What is smart casual?

This is an edited version of my column in June’s Platinum Business Magazine.

An invitation lands on the mat. You rip open the envelope and scan the details. Your heart sinks as you see the dreaded phrase ‘smart casual’.

What exactly is ‘smart casual’? It’s a question many of us have been asking for years, particularly men. These days, even occasions that were traditionally formal now strike a much more informal tone.Men-Casual-Office-Dresses-2015

‘Smart casual’ is subject to wide and varied interpretation. It won’t come as a surprise that the phrase originated in the US. Evidently, it was first used in 1924, in the Iowan newspaper The Davenport Democrat And Leader. The term ‘business casual’ emerged in the 1950s, but simply meant wearing an alternative to the traditional business suit, perhaps in a lighter cloth or colour. Work environments and casual wear have both moved on considerably, so what do ‘smart’ and ‘business’ casual mean for us today?

Debretts states: A dress code of smart casual requires that you look smart but not overly formal.  That in itself is not very illuminating. Unfortunately, they then add to the confusion, citing a division between ‘formal’ and ‘informal’ smart casual.

‘Formal’ smart casual ‘requires a jacket or blazer, flannels, needlecord trousers or chinos, a shirt with a collar and smart shoes, not necessarily lace-ups (but not trainers or sandals).’ You can wear a shirt and tie but an open collar is also acceptable. I would argue that a tie is not required, but it does depend on the occasion and your host.

‘Informal’ smart casual

Debretts permit jeans in their definition of ‘informal’ smart casual, but specify that they must be ‘smart, clean and dark in colour’.Smart_Casual_Dress_Example

In the office

I worked for a financial services firm for several years, which introduced the concept of ‘dress down Friday’ with disastrous results, particularly in the summer. Men (and some women) would come into work in shorts, flip flops, sandals and trainers, and all sense of decorum went out the window.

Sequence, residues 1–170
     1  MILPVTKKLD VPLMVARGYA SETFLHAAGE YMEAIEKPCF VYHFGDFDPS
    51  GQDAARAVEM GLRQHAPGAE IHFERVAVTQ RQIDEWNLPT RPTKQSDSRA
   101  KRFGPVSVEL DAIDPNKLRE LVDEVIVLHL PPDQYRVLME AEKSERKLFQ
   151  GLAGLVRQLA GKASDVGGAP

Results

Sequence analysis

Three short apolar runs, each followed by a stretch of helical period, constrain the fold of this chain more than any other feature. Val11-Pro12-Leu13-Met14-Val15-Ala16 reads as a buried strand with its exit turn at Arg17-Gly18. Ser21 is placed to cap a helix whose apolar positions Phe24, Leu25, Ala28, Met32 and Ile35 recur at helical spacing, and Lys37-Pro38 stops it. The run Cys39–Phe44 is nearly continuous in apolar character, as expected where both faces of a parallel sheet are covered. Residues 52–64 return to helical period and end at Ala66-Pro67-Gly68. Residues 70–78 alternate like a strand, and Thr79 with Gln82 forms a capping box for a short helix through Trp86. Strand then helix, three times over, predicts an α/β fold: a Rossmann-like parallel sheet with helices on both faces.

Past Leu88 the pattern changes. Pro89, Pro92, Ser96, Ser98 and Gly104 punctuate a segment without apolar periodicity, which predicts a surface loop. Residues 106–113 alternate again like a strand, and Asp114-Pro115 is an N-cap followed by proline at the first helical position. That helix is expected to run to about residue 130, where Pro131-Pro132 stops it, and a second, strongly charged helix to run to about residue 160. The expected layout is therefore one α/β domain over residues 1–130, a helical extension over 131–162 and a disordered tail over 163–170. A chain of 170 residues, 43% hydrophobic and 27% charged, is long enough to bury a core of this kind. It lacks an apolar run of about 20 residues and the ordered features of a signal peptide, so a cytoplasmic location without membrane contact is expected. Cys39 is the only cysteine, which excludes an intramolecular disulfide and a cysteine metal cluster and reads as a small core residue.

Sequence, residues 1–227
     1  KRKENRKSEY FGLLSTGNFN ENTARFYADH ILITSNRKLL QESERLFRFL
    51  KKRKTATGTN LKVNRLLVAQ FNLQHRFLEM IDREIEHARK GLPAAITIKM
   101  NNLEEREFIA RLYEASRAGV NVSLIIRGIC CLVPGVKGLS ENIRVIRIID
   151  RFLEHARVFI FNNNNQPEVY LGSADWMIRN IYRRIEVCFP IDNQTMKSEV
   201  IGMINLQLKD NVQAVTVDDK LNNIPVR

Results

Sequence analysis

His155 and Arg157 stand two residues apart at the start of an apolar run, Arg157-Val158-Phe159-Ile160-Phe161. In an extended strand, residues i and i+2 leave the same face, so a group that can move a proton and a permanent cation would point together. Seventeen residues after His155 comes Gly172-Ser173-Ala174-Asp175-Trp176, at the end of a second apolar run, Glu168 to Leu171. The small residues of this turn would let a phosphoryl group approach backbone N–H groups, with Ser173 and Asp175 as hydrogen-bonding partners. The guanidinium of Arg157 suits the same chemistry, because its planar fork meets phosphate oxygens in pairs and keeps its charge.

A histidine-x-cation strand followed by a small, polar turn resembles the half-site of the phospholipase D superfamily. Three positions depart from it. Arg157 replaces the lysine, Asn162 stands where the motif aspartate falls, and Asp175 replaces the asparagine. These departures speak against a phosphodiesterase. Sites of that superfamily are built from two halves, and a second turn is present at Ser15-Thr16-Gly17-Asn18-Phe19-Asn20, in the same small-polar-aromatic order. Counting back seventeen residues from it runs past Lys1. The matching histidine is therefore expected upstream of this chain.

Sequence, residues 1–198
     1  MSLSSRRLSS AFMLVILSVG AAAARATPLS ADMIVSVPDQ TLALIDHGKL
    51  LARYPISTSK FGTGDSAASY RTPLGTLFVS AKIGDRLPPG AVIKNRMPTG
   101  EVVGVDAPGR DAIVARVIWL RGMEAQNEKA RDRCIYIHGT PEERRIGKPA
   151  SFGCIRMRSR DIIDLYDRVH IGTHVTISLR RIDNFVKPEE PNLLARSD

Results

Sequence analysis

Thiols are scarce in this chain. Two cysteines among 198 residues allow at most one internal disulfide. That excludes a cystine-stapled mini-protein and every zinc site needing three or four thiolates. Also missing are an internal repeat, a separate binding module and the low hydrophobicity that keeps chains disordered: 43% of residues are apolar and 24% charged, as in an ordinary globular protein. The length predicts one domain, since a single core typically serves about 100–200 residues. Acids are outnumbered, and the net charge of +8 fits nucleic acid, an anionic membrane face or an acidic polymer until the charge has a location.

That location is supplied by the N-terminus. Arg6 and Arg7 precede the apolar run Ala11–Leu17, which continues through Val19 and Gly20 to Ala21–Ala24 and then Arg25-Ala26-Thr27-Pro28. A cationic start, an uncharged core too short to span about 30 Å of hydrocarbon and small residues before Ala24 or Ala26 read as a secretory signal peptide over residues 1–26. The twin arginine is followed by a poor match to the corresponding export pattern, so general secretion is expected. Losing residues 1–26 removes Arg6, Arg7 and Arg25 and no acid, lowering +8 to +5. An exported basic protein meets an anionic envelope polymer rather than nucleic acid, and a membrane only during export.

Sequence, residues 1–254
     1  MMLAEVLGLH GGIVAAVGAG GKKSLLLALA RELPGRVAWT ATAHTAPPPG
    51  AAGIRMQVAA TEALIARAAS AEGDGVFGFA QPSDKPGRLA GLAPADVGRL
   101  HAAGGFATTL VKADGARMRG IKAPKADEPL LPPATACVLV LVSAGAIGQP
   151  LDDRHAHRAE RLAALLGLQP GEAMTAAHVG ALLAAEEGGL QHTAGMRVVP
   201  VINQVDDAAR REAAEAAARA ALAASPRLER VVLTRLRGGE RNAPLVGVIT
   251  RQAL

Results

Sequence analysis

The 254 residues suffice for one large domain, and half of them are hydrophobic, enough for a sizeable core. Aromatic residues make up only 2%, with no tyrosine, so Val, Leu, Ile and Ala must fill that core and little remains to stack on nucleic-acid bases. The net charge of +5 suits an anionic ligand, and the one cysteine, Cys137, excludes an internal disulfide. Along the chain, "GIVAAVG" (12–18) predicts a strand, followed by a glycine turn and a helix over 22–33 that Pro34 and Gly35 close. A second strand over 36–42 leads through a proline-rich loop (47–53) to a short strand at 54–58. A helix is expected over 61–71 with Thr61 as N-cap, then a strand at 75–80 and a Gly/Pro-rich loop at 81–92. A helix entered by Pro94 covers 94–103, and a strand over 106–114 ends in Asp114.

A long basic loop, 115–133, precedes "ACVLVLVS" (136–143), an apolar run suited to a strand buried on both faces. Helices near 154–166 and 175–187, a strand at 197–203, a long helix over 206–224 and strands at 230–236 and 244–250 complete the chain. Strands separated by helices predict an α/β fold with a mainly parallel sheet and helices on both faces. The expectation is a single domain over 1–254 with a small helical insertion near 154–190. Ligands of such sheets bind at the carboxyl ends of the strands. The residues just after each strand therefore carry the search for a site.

For casual days in the office, the key is to find the right balance. I would advise sticking to shirts or polo shirts with chinos or very dark jeans. And always, always with closed toe shoes (think suede brogues, chukka boots or release your ‘inner Italian’ and go for suede loafers in a vibrant tone).

A few golden rules:

  • Dark denim and chinos: these are your ‘go-to’ options for smart casual trousers. They work for a wide variety of occasions, and can be dressed up (or down)
  • Avoid ‘sportswear’: tracksuit bottoms, baggy sweatshirts and trainers (unless they are leather or dark trainers) are a definite ‘no no’. Wearing these evokes laziness, slovenliness – surely not attributes you want applied to you
  • I would part company with Debretts and say that there is no need to wear a tie, even with ‘formal’ smart casual. An open collar shirt and blazer can be a great look
  • Pay attention to the fit of whatever you choose to wear. I’ve said this before – so many men let themselves down with ill-fitting baggy shirts, jeans and trousers.

Keep it simple. If you are in doubt about the dress code at a particular event, ask your host. And remember, ‘casual’ does not mean sloppy. Keep your standards  high and take pride in your appearance. After all, you never know who you might run into…


Thierry’s uniform.

My beloved and I spent five days in France last month, staying in a beautiful guest house owned by Thierry and Guy. These two complemented each other beautifully. Guy had spent years in the hotel industry, and Thierry had been a hairdresser to the great and the good in Paris in the 1960s and 70s. Both love interior design, collecting art and antiques, books and quirky objets.

But there was one fundamental difference between them.

Thierry was incredibly stylish, in a way that his partner was not. I often advise my clients to create their own ‘uniform’ – a look that they feel comfortable and look great in. Doing so alleviates wardrobe stress and saves lots of time. Thierry had created the ultimate uniform, one which he has not deviated from in years….